Sports – Three-Sport Sleepy Hollow Athlete Excelling on Diamond
by Tom Pedulla
Sleepy Hollow High School trailed Yonkers 2-1 in the fifth inning in the Nyack Tournament earlier this season when Sleepy Hollow Coach Rob Spirelli checked with right-hander Sean McCarthy.
Despite being set back by an unearned run, McCarthy was pitching well. Spirelli was concerned that his pitch count was building. He wanted to make sure he felt well enough to continue.
McCarthy’s answer was as strong as his pitching performance. He looked his coach in the eye and said forcefully, “You’re not taking me out of this game until we have the lead.”
McCarthy went on to pitch six innings with six strikeouts. Unfortunately for him, he reached 105 pitches, the limit set by state regulations intended to protect young arms. Spirelli was forced to make a pitching change. Worse still, Sleepy Hollow never overtook Yonkers, bowing 2-1 in a season marked by narrow defeats.
Spirelli told the anecdote not to lament defeats but to emphasize the ferocity of McCarthy’s approach.
“He’s one of the fiercest competitors I have on the team and I’ve had in a while,” Spirelli said. “He’s one of those kids who gets in the zone. He gets locked into a game and he’s able to shoulder a lot of the load.”
McCarthy, a 6-1, 185-pound junior, is still exasperated by that Yonkers loss. “I was really feeling it that day,” he said. “I wanted that game so bad.”
McCarthy has always looked up to his father, Sean, a standout hitter and pitcher at Archbishop Stepinac in White Plains. “I think I get that fire from him,” he said.
Whatever the source, Spirelli wishes that fire burned as brightly in every athlete. “You can’t teach that,” he said. “That’s someone who wants it so bad.”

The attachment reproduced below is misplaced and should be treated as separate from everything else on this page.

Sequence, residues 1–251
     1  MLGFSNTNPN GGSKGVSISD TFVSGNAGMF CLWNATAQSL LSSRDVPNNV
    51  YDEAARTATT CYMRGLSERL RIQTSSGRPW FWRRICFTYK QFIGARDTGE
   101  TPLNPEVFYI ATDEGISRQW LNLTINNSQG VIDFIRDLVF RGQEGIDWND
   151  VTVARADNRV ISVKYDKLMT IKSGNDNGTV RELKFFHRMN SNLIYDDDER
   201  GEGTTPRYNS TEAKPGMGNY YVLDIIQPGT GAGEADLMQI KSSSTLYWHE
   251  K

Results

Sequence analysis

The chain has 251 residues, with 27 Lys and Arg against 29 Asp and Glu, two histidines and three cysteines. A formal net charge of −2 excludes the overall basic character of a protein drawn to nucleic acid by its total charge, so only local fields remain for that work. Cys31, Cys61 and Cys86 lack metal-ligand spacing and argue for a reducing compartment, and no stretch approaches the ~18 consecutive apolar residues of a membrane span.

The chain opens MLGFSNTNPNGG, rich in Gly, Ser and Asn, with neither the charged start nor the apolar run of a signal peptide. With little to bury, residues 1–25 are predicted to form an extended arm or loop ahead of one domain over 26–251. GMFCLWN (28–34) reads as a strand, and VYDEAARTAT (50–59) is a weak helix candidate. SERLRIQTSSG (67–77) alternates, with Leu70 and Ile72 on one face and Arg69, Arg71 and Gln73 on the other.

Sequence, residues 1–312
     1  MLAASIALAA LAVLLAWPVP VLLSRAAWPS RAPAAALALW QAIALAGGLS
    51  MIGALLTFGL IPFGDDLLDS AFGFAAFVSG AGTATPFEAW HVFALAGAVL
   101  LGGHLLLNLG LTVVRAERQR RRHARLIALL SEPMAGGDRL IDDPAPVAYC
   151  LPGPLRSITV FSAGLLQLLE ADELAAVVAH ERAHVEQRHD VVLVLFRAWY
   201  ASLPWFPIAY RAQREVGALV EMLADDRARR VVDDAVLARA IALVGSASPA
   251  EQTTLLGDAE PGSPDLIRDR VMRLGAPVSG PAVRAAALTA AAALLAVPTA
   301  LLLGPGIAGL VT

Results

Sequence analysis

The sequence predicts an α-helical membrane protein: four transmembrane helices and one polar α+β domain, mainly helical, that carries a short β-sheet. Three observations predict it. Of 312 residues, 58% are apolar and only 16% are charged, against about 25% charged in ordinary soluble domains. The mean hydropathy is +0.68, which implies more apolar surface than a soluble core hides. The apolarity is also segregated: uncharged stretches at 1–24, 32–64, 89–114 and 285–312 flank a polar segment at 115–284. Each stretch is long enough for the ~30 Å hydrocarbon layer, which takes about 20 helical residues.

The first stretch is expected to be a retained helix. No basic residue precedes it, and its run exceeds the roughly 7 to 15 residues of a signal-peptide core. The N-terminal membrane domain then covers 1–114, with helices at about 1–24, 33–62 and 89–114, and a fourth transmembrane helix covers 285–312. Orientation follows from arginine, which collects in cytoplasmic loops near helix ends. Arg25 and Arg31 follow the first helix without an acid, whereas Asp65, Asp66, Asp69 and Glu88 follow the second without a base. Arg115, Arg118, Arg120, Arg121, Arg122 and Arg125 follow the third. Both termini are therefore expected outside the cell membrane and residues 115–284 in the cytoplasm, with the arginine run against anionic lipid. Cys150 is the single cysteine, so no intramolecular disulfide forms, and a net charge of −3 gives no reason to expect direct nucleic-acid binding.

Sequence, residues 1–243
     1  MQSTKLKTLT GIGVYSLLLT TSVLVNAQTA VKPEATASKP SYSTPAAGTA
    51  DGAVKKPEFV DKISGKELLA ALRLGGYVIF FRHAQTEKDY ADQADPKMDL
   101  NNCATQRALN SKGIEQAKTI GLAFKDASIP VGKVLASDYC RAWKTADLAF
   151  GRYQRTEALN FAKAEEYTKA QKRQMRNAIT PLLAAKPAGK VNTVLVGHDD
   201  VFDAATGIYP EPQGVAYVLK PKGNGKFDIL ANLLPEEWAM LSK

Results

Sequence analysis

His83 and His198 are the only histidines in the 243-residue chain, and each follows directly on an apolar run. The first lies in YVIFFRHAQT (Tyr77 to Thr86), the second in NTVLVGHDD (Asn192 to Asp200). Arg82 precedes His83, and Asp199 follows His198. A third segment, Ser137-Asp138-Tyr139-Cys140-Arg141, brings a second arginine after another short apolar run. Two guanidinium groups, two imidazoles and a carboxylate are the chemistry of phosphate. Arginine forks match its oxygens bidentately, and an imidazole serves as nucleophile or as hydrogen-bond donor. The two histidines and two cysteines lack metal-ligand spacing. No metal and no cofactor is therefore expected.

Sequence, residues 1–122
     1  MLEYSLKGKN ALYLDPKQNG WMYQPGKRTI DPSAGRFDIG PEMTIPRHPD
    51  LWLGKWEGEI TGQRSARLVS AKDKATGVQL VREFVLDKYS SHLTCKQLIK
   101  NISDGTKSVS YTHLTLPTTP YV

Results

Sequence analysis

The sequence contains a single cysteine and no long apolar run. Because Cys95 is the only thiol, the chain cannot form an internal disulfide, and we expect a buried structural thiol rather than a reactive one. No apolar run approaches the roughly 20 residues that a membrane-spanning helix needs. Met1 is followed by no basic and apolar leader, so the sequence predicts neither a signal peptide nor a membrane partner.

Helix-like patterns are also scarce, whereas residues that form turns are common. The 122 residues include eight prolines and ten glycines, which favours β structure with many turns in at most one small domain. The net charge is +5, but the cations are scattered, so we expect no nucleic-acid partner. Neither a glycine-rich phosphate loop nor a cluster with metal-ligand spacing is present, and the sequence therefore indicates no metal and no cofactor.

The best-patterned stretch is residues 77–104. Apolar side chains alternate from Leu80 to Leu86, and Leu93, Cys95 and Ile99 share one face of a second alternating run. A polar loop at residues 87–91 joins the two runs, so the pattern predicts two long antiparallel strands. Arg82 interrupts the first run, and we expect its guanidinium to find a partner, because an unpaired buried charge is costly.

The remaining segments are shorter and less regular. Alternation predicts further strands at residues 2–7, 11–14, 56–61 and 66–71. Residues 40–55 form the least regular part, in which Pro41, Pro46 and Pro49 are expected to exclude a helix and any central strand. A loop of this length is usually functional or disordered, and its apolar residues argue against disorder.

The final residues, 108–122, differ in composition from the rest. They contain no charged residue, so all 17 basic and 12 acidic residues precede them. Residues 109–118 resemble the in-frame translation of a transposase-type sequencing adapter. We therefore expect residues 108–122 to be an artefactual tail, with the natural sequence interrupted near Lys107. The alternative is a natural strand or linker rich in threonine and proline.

McCarthy’s extraordinary competitive spirit is not limited to the diamond. He threw for 1,400 yards with 17 touchdowns last autumn for Sleepy Hollow. He developed a reputation for tenacious defense as a valuable sixth man in basketball.
Few players care more than McCarthy about winning and performing well. “He takes losing very personally,” his father said. “He puts a lot of pressure on his shoulders. It takes him awhile to recover.”
Whenever possible, he uses social media to study pitchers he expects to face, learning what they throw and how hard. He ramps up his intensity several notches whenever he has two strikes against him. Remarkably, he struck out only twice through the first 18 games.
“It’s not fun striking out,” he said. “I hate that.”
More than a few major leaguers could learn from the adjustments he makes when he has two strikes against him. “I’m going to really crowd the plate and make the pitcher uncomfortable,” he said. “It’s not so much about putting a hurting on the ball as putting it in play and doing the job.”
McCarthy is unusually versatile. After playing in the outfield last season, he is being used this spring primarily at shortstop. He can man virtually every position. He is a mainstay offensively, hitting third in the order and fashioning a gaudy .443 batting average with three home runs and 22 RBI through 18 games. The left-handed hitter boasted a .493 on-base percentage with a .739 slugging percentage.
“He’s our best all-around hitter. He’s the toughest out in our lineup,” Spirelli said. “He hits the ball to all fields. He hits for power. He hits for average. In a big spot, you want Sean up. He can battle.”
More than anything, McCarthy loves whatever game is in season. For now, that means baseball.
“There is nothing like going out on a hot day and playing baseball with my friends and competing,” he said.